LSU asked to demolish McDonogh 11 building in New Orleans

Preservationists want it saved, but other say good riddance

In this photo taken June 18, 2020, the old McDonogh 11 building (which more recently was the home of New Orleans Center for Health Careers) rests on shoring on the campus of the University Medical Center in New Orleans. The building was moved from its original location at Palmyra and South Prieur streets to make way for the medical center. LSU Health Science Center has sent a memo to the LSU Board of Supervisors recommending demolition of the 1878 building. (Photo by Jarvis DeBerry)

McDonogh No. 11, a New Orleans elementary school that was moved from its original location to make way for the University Medical Center, has for years rested on pilings at the edge of the New Orleans medical complex. But how much longer? The LSU Health Science Center, which bought the building to make room for the University Medical Center, sent a memo to the Louisiana State University Board of Supervisors last month recommending that the 1878 building be demolished, citing the high costs of either moving it again or renovating it.

Edwin Murray, vice chancellor of the LSU Health Science Center, said McDonogh No. 11 was actually approved for demolition in 2010. Since then, the building has been moved three times by the state because preservationists wanted the building saved. Just last year, Murray said, the Preservation Resource Center of New Orleans sent developers to the McDonogh No. 11 building, and they came to the conclusion that the building was “unsalvageable.” Murray said LSUHSC has no desire to tear down the building and would not object to preservationists salvaging the site.

Danielle Del Sol, executive director of the Preservation Resource Center, said in a statement that the PRC is still in contact with several highly respected developers who are interested in seeing future redevelopment of the building as an alternative to demolition.

“Though moving the school again would be a difficult feat, it may be achievable, and we are hopeful that such a collaboration could free LSU’s site for future development and simultaneously save the 140-year-old school building to be revitalized into new life,” said Del Sol in the statement.

Like so many other schools in New Orleans, McDonogh 11 was named for John McDonogh, a slave owner who died in 1850 and left half his considerable fortune to build schools in New Orleans and his native Baltimore. A bust of McDonogh outside New Orleans City Hall was pulled down June 13 during a Take Back Pride rally organized by the New Orleans Workers Group. The statue, which was tossed into the Mississippi River, was retrieved the next day.  New Orleans police arrested a man and woman they say contributed to the vandalism and booked them on charges including theft, inciting a riot and inciting a felony.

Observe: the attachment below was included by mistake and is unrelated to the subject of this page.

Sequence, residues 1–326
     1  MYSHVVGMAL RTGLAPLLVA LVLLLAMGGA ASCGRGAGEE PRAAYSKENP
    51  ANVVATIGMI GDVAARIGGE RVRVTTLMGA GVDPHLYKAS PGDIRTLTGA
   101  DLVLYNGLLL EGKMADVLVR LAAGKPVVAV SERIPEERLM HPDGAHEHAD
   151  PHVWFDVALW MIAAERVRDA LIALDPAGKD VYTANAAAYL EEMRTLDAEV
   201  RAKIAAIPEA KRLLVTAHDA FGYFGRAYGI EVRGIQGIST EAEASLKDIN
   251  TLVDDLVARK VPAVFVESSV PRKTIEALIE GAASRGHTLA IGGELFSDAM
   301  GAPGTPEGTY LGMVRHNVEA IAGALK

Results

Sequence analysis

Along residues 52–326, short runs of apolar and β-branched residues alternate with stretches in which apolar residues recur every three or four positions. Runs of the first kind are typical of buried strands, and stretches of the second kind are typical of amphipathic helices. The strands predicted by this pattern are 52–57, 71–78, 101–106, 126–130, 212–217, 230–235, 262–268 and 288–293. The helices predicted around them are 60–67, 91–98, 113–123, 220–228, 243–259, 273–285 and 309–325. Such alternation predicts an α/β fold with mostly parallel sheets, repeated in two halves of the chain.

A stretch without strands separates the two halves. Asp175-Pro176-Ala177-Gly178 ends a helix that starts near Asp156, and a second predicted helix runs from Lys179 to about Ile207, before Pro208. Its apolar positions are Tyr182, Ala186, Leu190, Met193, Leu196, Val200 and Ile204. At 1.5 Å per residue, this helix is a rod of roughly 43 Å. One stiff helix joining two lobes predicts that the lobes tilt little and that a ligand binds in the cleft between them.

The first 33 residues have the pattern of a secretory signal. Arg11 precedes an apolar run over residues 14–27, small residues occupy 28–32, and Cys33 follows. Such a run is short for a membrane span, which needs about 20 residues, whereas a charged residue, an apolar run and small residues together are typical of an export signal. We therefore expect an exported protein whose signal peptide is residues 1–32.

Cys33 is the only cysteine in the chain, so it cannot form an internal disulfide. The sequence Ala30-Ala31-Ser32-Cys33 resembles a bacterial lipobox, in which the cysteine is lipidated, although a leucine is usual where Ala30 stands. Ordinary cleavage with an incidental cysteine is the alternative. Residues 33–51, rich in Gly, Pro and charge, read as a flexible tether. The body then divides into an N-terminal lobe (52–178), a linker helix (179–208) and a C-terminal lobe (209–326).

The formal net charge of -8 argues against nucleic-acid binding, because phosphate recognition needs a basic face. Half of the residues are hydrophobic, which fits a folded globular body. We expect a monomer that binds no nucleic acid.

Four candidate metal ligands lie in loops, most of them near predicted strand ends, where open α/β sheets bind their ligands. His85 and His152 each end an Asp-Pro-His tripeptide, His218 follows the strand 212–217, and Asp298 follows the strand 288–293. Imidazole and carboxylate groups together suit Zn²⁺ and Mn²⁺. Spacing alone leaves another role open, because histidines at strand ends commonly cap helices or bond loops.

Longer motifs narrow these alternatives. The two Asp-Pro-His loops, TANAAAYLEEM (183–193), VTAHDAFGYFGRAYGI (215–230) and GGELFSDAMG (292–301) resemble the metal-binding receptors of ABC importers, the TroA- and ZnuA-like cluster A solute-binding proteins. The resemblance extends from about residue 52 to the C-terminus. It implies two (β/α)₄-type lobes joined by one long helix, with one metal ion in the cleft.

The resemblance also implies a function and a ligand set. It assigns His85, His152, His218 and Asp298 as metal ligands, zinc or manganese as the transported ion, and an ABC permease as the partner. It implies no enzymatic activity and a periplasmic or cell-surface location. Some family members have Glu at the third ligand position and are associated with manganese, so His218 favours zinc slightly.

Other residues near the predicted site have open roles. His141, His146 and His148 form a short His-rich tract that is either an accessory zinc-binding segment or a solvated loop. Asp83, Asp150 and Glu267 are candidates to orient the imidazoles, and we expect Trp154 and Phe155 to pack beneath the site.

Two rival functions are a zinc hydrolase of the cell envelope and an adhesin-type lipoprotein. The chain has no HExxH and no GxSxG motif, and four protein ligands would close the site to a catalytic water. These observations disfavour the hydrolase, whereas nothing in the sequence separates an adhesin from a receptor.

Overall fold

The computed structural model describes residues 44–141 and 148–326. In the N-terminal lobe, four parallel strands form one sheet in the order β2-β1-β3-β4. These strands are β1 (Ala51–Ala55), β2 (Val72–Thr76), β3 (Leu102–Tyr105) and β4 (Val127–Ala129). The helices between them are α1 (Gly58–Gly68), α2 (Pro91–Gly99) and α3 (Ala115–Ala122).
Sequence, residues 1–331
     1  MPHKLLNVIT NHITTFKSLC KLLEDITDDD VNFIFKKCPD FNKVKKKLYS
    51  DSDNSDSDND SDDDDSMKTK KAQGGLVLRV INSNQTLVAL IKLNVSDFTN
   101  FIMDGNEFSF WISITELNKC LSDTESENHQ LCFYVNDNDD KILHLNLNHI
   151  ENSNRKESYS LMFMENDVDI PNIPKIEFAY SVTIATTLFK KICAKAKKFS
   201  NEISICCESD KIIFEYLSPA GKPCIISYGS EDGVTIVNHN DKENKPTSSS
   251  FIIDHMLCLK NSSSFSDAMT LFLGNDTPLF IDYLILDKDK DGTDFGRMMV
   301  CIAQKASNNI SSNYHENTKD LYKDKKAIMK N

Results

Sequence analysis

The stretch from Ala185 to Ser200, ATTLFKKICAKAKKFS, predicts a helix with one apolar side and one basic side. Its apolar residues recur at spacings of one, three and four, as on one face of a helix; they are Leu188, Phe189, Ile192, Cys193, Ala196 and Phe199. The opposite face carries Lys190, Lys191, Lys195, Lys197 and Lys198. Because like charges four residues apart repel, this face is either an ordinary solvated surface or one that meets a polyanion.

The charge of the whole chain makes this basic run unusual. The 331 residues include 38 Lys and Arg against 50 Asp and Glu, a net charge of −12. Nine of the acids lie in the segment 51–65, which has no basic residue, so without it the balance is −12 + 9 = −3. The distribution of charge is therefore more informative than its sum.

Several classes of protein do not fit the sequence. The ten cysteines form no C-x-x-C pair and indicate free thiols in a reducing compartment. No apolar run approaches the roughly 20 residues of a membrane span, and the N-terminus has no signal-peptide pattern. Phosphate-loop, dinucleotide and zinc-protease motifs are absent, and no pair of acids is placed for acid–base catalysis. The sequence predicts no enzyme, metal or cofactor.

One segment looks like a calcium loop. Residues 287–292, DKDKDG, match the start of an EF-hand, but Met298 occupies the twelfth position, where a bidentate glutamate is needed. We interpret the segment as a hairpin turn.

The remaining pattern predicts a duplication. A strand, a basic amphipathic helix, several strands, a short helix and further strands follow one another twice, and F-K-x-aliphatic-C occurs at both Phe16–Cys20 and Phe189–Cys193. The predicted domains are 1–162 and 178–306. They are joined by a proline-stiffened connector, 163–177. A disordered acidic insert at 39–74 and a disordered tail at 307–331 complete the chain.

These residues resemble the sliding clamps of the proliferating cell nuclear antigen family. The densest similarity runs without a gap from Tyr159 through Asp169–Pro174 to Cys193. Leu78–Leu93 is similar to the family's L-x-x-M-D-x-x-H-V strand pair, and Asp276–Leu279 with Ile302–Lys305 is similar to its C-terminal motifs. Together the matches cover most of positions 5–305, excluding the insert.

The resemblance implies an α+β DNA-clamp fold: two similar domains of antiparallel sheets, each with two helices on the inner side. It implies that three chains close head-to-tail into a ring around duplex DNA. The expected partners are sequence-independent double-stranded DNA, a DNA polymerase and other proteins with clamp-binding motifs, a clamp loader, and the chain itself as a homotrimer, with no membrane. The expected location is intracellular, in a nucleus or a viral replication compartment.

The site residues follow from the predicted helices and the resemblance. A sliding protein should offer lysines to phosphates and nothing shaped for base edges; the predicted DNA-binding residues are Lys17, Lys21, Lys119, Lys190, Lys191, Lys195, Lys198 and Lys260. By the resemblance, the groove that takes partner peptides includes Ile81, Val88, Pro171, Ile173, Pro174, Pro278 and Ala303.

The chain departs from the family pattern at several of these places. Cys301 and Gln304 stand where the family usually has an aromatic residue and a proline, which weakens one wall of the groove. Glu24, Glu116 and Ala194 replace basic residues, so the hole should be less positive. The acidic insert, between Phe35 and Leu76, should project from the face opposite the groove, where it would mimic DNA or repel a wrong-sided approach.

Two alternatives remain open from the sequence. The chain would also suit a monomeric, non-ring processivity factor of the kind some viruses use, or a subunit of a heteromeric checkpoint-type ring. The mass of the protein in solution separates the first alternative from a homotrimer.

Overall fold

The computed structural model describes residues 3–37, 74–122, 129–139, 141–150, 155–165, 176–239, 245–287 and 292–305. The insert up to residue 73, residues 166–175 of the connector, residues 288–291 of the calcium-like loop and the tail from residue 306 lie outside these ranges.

Malcolm Suber, the co-founder of Take ‘Em Down NOLA, a group philosophically opposed to any commemorations of slave owners and white supremacists, said, “We, of course, are opposed to any public building named after John McDonogh. We don’t think he should be revered. Any slave holder. Any racist. Any white supremacist is not worthy of public adulation whatsoever.”

Murray said that the building’s historic legacy was never a factor in choosing to tear it down. The health science center just doesn’t have the money to maintain McDonogh No. 11, he said. “The decision has nothing to do with slave owners or the Confederacy, none of those kinds of things,” Murray said. “This decision was made some time ago.”

Del Sol believes that the public should not become fixated on the person for whom the building was originally named, especially because the building has had other names since then. From the 1980s until the time of Hurricane Katrina, it was the home of the New Orleans Center for Health Careers, and between 2007 and 2010 housed the Priestly School of Architecture and Construction she said. But even before those other names, Del Sol said McDonogh 11 was “a school that, throughout its history, served both African American and white students. The opportunity to recycle this building into new life instead of sending it to a landfill is worth achieving,” said Del Sol.

But Vera Landry, whose daughter Sheryl integrated the school in 1961, says it’s time for the building to go. The building is a constant reminder of the pain her daughter endured when she was subjected to racial taunts, isolated by her classmates and ignored by her teachers when she raised her hand to ask or answer a question. “It was horrible. I am so sorry I subjected my child to that kind of treatment.

“The little kids outside of class, she told me they’d play with her. But the bigger kids would come and make the little ones stop playing with her,”  Landry said. “That’s why — I’m 84 but I’ll believe this tilI I die — that racism is taught.”  And that belief that racism is taught and that it was taught at that building is why Landry believes the McDonogh No. 11 school building should be destroyed.

It’s a constant reminder, she said, of what her family had to endure because they’re Black.

“If we expect change, then we have to stop leaving those reminders,” she said. “Why leave all this stuff up as constant reminders?”

Murray said a developer is scheduled to look at the building again to confirm it is unsalvageable, but in the meantime, the LSU Health Science Center will continue the process. And if everything goes right, Murray said McDonogh No. 11 should be demolished around the second week of August.